Scientists discover a novel mechanism of ubiquitination regulation of selective autophagy

ON2024-05-28TAG: ShanghaiTech UniversityCATEGORY: School of Life Science and Technology

Autophagy is a conserved eukaryotic cellular process that delivers protein aggregates, damaged organelles, and invaded pathogens to the lysosome for degradation. Reticulophagy is a specialized form of autophagy that selectively breaks down damaged or redundant endoplasmic reticulum (ER) using the autophagy-lysosome pathway, thus maintaining ER homeostasis and dynamic equilibrium. Reticulophagy receptors interact with the autophagy core protein, one of the LC3 family members, targeting specific ER regions for lysosomal degradation. Recent research has highlighted the significance of post-translational modifications in regulating the autophagy pathway. However, the precise involvement and regulatory mechanisms of ubiquitination in reticulophagy remain incompletely understood.

Associate Professor Liu Yanfen’s group in the School of Life Science and Technology (SLST) has been long engaged in the research on the mechanisms of ubiquitination regulation of autophagy and the selective autophagy of the ER, mitochondria, and stress granules. In their recent study, the researchers unveiled a novel regulatory mechanism of ubiquitination in the selective autophagic degradation of the endoplasmic reticulum (ER). The groundbreaking study titled “USP20 deubiquitinates and stabilizes the reticulophagy receptor RETREG1/FAM134B to drive reticulophagy” was published in the journal Autophagy on May 5.

In this study, the researchers conducted a comprehensive screening of the deubiquitinating enzymes (DUBs) family members and identified USP20 as a regulator of the autophagy pathway under starvation conditions. Despite lacking a transmembrane domain, USP20 is recruited to the ER by interacting with the ER membrane proteins VAPA/B.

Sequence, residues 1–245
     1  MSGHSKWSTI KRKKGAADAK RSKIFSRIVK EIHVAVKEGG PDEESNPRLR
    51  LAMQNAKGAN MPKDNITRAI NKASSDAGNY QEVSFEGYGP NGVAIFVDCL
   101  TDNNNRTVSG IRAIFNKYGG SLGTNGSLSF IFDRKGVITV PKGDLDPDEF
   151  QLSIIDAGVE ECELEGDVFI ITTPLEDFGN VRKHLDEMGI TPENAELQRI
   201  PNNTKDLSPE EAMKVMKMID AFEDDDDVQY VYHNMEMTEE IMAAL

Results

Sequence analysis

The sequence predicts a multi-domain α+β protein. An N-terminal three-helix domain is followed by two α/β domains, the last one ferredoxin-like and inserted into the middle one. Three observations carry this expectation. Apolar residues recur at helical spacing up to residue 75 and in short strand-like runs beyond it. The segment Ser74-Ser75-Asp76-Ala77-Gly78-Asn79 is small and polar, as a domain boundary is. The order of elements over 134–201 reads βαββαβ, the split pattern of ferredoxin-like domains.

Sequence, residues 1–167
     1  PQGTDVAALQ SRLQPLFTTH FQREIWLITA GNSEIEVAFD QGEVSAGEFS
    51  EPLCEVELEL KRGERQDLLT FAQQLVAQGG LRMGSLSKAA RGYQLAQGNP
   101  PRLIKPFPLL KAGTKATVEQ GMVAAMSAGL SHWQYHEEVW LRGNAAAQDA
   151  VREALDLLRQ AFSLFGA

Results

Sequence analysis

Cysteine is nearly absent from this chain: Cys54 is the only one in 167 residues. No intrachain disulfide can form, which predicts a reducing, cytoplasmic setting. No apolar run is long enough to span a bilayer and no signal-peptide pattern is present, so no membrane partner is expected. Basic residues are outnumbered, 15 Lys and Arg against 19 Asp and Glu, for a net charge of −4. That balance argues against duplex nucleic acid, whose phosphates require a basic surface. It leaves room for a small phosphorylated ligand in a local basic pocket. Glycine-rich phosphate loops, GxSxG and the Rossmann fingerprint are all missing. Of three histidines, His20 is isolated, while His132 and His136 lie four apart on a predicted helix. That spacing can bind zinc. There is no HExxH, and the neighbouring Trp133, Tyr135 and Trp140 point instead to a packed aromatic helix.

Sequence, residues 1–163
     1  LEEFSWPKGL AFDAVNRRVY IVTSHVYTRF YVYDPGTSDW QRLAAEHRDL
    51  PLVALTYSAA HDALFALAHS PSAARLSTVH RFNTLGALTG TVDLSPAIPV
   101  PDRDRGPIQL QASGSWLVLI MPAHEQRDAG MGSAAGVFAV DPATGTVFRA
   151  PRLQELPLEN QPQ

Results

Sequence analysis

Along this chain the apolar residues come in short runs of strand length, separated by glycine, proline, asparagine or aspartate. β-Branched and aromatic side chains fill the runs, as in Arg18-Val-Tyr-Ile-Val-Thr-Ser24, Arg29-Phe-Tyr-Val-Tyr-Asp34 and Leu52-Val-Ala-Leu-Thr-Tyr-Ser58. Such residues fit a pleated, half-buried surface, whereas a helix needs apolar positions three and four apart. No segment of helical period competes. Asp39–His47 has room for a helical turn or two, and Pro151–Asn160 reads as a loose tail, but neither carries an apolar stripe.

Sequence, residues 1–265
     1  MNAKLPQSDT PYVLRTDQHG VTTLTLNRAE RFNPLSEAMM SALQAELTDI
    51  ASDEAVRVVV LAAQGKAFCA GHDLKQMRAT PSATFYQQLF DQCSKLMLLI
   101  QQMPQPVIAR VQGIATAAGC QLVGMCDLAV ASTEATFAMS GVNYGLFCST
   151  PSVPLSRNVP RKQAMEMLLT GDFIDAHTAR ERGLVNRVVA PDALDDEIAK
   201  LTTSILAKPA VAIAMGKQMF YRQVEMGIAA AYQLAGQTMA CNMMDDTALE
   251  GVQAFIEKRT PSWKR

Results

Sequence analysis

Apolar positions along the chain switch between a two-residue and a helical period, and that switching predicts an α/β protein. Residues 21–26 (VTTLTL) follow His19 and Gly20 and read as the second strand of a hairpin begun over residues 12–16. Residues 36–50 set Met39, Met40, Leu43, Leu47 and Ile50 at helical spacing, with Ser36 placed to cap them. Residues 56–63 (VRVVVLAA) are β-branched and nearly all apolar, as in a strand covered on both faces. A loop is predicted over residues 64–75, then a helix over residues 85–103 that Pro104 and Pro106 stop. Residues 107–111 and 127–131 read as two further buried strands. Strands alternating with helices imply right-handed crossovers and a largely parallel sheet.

The researchers further explored the regulatory role of USP20 in reticulophagy. By combining cellular biology, biochemical, and high-resolution imaging techniques, they discovered that USP20 deubiquitinates and stabilizes RETREG1, preventing its degradation via the ubiquitin-proteasome pathway. High-resolution imaging revealed an intercalated localization of USP20 and RETREG1 on the ER, with increased overlapping signals during starvation treatment. Through the deubiquitination regulation of RETREG1, USP20 facilitates its interaction with the autophagy core protein LC3, thereby inducing reticulophagy. Additionally, USP20 enhances the interaction between RETREG1 and VAPA/B, resulting in the recruitment of autophagy initiation complex proteins to specific ER regions and further promoting reticulophagy (Figure 1).

This study elucidates the significant regulatory mechanisms of ubiquitination in reticulophagy, providing new insights into the understanding of selective autophagy. Diseases associated with the ER, such as neurodegenerative diseases, are closely related to impaired reticulophagy. Therefore, these findings offer new targets and strategies for the treatment and prevention of related diseases.

Figure 1: USP20 regulates the deubiquitination of RETREG1 and promotes reticulophagy.

USP20 is recruited to the ER by the ER membrane proteins VAPA/B. USP20 deubiquitinates and stabilizes RETREG1, protecting it from degradation via the ubiquitin-proteasome pathway. Under starvation conditions, USP20 and RETREG1 colocalize in specific regions of the ER, and USP20 further recruits VAPA/B to these foci. This concerted action leads to the recruitment of early autophagy proteins, including WIPI2, to the specific regions of the ER, further promoting reticulophagy.

SLST PhD candidate Zhang Man is the first author of the paper, Prof. Liu Yanfen is the corresponding author. ShanghaiTech University is the primary affiliation.

*This article is provided by Zhang Man